The European Union (EU) has enforced new transparency rules from 1 January 2024 aimed at combating fraud on cross-border payments in the EU and helping member states in clamping down on value-added tax (VAT) deceit.

According to the EU, the new regulations will furnish the tax administrations of member states with payment information, which will facilitate more efficient detection of VAT fraud. This emphasis is particularly directed towards the e-commerce sector, known for its susceptibility to VAT non-compliance and fraud.

Addressing these issues is crucial to preventing gaps in tax revenues that fund essential public services, said the EU.

As an example, the EU said that certain online sellers lacking a physical presence in an EU member state engage in selling goods and services to EU consumers without registering for VAT anywhere in the EU. Alternatively, they may declare a value lower than the actual amount for their online sales.

Consequently, member states require enhanced tools to identify and put a stop to such illicit practices.

The new system leverages the significant role played by payment service providers (PSPs), including banks, e-money institutions, payment institutions, and post office giro services, which collectively manage more than 90% of online purchases in the EU.

Starting from 1 January 2024, these PSPs will be required to monitor the recipients of cross-border payments. By 1 April 2024, they must transmit information about those receiving more than 25 cross-border payments per quarter to the administrations of EU member states.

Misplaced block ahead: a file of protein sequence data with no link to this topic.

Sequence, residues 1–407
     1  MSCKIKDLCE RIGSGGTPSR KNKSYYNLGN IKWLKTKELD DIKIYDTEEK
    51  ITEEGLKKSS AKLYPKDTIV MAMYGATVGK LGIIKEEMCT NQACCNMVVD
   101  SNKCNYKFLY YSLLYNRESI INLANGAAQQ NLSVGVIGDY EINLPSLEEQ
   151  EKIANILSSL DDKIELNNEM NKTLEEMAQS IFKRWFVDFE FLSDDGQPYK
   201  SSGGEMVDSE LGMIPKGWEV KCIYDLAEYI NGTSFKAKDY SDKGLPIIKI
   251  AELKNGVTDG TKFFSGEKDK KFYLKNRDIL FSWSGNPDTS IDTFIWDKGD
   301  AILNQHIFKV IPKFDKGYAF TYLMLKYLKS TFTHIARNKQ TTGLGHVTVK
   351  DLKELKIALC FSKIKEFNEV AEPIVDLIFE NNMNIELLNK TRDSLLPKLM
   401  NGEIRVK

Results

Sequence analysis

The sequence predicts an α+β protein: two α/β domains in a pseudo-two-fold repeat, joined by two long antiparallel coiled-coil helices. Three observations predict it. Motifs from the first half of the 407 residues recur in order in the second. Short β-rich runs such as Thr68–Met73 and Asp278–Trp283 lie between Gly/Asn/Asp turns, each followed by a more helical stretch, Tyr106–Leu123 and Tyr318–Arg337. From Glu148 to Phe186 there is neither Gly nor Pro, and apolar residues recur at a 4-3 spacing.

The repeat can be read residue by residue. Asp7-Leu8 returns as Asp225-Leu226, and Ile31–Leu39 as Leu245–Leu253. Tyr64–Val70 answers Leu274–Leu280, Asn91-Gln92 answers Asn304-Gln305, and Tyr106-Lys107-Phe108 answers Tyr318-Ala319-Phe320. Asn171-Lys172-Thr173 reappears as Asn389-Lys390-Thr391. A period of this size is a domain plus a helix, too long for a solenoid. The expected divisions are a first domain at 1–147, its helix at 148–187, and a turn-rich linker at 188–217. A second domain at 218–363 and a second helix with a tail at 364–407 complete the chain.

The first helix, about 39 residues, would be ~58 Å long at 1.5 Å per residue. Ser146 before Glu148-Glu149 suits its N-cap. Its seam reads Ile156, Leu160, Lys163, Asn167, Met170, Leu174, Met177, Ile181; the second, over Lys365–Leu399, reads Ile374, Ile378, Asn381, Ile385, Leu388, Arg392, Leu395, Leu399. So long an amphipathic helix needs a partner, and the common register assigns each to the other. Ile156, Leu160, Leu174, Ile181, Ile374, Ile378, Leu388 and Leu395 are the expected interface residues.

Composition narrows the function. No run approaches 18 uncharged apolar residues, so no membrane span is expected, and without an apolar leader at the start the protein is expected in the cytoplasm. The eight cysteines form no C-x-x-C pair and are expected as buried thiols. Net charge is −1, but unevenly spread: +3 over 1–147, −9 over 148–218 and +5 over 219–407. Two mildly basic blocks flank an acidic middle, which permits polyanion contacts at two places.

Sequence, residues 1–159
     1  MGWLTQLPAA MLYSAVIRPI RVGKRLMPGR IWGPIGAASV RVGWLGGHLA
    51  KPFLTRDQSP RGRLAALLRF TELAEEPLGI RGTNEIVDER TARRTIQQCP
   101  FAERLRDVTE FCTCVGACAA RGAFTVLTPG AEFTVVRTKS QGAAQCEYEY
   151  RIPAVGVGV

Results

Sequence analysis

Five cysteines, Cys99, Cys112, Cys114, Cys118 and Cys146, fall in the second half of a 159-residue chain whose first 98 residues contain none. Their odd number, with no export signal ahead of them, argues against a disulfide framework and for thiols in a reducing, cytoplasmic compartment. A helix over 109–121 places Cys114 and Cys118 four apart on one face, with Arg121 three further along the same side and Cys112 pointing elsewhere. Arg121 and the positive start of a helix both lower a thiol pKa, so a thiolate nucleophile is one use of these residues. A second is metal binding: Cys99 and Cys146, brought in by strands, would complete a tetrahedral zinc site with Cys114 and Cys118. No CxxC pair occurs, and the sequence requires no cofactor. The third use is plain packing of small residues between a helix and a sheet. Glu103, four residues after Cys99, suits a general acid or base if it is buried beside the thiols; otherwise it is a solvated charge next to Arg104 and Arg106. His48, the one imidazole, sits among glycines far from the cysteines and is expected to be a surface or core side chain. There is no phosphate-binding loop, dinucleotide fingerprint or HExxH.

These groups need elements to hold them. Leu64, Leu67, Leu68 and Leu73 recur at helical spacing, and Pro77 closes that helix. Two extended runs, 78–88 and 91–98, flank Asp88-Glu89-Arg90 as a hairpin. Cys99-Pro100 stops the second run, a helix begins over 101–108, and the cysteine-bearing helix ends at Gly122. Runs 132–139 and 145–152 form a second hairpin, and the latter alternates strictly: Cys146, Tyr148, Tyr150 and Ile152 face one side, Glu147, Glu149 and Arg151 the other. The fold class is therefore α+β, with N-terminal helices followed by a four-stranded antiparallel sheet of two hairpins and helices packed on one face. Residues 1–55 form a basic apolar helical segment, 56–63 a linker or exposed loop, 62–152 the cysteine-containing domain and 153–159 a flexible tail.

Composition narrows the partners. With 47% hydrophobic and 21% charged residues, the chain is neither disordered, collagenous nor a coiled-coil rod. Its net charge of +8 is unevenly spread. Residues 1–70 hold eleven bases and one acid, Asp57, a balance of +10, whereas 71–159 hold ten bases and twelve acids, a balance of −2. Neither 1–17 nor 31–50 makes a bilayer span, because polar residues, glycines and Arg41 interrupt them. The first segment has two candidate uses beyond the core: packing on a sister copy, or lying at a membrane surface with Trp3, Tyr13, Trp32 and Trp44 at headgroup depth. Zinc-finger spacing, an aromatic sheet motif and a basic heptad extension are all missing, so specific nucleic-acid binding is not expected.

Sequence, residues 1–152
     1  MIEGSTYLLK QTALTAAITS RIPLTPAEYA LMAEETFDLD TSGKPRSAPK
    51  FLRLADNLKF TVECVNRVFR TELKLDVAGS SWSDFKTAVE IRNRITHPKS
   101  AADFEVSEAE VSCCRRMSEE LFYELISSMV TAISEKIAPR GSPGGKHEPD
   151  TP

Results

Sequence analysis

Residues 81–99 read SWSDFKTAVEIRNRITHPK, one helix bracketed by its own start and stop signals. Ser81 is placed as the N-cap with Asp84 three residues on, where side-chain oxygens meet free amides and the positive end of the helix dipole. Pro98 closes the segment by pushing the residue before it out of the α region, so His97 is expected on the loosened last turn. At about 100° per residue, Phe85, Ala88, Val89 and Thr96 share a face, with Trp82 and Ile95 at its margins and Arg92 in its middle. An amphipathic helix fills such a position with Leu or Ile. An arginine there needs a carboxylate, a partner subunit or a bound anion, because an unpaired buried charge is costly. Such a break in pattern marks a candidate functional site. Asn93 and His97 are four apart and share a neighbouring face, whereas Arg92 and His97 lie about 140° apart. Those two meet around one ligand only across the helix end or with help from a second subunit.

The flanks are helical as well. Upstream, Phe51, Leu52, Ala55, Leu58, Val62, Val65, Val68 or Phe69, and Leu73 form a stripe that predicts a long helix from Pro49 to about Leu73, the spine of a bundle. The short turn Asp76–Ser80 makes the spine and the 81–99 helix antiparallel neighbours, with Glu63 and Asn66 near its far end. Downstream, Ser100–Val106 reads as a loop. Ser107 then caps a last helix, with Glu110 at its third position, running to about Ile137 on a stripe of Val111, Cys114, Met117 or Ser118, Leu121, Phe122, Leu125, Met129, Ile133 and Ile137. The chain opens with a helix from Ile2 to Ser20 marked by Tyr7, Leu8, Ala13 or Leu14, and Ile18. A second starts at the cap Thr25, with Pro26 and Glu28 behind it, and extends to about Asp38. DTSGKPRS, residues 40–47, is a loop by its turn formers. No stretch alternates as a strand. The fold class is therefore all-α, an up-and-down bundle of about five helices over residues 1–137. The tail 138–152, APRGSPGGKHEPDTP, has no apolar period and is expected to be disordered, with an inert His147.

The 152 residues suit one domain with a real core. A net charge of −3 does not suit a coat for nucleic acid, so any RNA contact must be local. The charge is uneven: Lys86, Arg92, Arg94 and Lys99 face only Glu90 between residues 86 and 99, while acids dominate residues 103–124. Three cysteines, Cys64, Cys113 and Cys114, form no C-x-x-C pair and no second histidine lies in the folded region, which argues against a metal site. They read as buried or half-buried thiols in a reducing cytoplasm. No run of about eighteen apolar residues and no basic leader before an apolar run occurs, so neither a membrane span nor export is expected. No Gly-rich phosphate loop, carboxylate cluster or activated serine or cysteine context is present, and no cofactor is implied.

The information will be centralised in a newly developed European Commission database called the Central Electronic System of Payment Information (CESOP). Here, it will be stored, aggregated, and cross-referenced with other data.

The data stored in CESOP will subsequently be accessible to member states through Eurofisc, the EU’s network of specialists focused on combating VAT fraud. This streamlined access will significantly facilitate the analysis of data, aiding member states in identifying online sellers who fail to adhere to VAT obligations, even those businesses located outside the EU.

EU Economy Commissioner Paolo Gentiloni said: “These new rules will play a crucial role in the fight against VAT fraud, which costs EU governments billions in lost revenues every year.

“By harnessing the information collected by payment service providers such as banks and credit card companies, anti-fraud specialists in Member States will be able to more easily and accurately pinpoint and crack down on fraudulent behaviour in the e-commerce sector.”